Use this URL to cite or link to this record in EThOS: http://ethos.bl.uk/OrderDetails.do?uin=uk.bl.ethos.577198
Title: From source to brain : modelling sound propagation and localisation in rooms
Author: Sheaffer, J.
Awarding Body: University of Salford
Current Institution: University of Salford
Date of Award: 2013
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Abstract:
Human localisation of sound in enclosed spaces is a cross-disciplinary research topic, with important applications in auditory science, room acoustics, spatial audio and telecommunications. By combining an accelerated model of $3$D sound propagation in rooms with a perceptual model of spatial processing, this thesis provides an integrated framework for studying sound localisation in enclosed spaces on the horizontal plane, with particular emphasis on room acoustics applications. The room model is based on the finite difference time domain (FDTD) method, which has been extended to include physically-constrained sources and binaural receivers based on laser-scanned listener geometries. The underlying algorithms have been optimised to run on parallel graphics hardware, thus allowing for a high spatial resolution, and accordingly, a significant decrease of numerical dispersion evident in the FDTD method. The perceptual stage of the model features a signal processing chain emulating the physiology of the auditory periphery, binaural cue selection based on interaural coherence, and a final decision maker based on supervised learning. The entire model is shown to be capable of imitating human sound localisation in different listening situations, including free field conditions and at the presence of sound occlusion, diffraction and reflection. Results are validated against subjective data found in the literature, and the model's applications to the fields of room acoustics and spatial audio are demonstrated and discussed.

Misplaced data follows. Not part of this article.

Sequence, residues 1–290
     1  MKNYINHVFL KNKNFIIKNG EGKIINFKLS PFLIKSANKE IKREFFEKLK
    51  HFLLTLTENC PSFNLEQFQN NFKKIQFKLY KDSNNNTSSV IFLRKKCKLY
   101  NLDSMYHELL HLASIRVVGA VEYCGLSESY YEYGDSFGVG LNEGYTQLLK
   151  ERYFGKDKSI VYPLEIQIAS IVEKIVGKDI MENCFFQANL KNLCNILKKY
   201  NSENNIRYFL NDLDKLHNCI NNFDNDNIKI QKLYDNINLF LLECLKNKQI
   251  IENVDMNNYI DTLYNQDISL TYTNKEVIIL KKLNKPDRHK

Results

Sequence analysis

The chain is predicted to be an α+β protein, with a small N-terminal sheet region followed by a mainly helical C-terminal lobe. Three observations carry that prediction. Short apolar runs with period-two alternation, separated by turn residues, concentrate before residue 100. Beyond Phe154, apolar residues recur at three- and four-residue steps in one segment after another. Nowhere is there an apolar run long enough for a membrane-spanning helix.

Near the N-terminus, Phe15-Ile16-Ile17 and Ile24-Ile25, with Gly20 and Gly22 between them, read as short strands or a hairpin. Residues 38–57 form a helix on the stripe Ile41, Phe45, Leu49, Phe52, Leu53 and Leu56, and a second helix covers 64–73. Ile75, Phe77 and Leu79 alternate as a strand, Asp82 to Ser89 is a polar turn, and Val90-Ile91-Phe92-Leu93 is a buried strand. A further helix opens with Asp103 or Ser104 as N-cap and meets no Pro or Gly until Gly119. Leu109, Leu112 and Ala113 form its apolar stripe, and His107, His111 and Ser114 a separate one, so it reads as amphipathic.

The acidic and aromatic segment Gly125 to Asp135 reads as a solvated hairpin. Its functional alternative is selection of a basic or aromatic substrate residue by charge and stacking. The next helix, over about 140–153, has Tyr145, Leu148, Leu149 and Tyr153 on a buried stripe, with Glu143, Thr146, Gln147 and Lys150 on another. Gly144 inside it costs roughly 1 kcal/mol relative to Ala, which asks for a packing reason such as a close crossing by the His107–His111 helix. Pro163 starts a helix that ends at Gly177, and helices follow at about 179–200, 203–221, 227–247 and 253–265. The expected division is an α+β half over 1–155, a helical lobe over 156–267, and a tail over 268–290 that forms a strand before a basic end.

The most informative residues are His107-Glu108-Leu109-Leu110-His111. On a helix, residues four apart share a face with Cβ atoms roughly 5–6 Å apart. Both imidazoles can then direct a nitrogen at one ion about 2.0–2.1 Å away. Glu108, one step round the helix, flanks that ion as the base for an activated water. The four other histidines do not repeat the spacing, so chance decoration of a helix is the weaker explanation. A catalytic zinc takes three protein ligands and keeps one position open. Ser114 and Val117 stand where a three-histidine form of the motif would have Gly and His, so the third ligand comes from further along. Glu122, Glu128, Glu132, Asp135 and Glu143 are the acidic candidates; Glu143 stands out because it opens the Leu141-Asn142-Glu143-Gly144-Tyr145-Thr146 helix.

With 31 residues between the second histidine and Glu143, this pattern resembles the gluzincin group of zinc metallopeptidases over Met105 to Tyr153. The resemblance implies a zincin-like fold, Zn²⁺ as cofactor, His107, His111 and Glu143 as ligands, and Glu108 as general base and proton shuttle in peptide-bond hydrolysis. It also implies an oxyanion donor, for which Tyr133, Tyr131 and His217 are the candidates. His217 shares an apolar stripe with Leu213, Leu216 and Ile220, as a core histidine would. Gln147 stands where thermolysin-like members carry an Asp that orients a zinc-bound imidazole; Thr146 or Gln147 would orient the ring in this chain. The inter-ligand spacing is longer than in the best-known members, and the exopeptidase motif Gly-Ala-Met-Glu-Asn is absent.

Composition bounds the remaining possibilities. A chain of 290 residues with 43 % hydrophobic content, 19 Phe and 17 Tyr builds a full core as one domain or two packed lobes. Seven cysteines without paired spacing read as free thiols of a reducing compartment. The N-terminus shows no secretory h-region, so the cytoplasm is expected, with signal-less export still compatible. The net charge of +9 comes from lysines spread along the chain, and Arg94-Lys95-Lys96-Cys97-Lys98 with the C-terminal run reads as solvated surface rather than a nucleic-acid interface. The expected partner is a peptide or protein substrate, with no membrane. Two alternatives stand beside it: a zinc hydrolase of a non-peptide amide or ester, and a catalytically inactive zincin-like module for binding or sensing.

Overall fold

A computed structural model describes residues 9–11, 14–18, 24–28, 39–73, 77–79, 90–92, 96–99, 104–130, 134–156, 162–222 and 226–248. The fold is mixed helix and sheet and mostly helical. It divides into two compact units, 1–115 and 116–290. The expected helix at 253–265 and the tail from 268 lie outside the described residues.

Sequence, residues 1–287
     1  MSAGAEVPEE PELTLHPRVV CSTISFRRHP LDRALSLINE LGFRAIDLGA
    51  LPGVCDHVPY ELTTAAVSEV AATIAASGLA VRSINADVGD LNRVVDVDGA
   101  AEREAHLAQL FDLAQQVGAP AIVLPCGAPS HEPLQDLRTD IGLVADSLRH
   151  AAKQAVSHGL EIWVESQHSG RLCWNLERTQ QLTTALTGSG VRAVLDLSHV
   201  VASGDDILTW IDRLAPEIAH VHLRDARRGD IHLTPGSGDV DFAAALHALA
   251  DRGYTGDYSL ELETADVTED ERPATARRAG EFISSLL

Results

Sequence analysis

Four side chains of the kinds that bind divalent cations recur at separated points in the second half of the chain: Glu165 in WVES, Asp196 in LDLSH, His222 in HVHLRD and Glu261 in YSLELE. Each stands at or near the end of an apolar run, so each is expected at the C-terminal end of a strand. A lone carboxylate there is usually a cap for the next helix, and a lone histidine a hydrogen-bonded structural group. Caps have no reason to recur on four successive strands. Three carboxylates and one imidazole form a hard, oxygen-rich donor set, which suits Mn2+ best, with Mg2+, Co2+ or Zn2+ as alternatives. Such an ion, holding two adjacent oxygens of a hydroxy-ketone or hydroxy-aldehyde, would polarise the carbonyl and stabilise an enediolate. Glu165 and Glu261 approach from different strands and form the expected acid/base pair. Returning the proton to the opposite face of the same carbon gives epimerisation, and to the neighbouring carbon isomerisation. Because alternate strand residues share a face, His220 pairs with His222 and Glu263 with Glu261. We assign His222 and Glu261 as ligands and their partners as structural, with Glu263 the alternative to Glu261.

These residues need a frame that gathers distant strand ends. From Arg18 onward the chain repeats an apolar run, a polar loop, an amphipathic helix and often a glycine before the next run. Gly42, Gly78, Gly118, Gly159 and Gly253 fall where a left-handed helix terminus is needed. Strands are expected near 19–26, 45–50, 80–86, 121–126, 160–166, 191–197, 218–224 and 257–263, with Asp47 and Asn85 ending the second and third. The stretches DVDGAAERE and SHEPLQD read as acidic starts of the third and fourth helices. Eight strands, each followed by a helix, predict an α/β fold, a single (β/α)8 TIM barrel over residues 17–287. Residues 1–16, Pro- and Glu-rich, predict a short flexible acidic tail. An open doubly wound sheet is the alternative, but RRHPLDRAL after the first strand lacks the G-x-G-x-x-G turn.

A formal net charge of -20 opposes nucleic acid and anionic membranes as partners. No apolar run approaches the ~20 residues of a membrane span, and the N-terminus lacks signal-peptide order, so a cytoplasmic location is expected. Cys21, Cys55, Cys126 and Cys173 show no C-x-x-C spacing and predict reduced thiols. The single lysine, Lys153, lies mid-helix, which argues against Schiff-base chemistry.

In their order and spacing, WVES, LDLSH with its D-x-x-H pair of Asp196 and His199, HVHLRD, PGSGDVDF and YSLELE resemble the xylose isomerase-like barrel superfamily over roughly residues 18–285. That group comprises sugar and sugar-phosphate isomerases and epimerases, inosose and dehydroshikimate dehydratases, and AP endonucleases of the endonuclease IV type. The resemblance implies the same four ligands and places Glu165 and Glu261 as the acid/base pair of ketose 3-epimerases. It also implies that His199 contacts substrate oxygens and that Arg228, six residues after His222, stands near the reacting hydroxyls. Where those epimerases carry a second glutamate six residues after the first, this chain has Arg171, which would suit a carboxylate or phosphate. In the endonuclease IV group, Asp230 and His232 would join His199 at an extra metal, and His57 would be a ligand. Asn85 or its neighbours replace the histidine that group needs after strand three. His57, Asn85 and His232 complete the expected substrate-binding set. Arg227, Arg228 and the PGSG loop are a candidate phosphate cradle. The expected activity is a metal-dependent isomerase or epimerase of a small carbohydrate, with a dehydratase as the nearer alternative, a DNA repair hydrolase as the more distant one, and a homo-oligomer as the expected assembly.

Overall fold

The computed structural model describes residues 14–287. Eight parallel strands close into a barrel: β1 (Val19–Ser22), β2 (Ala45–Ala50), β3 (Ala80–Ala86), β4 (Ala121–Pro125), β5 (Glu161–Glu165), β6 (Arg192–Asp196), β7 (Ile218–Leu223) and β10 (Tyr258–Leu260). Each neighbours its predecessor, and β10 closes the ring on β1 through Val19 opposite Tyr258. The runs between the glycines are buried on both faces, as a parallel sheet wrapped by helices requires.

Supervisor: Not available Sponsor: Not available
Qualification Name: Thesis (Ph.D.) Qualification Level: Doctoral
EThOS ID: uk.bl.ethos.577198  DOI: Not available
Keywords: Built and Human Environment ; Media ; Digital Technology and the Creative Economy
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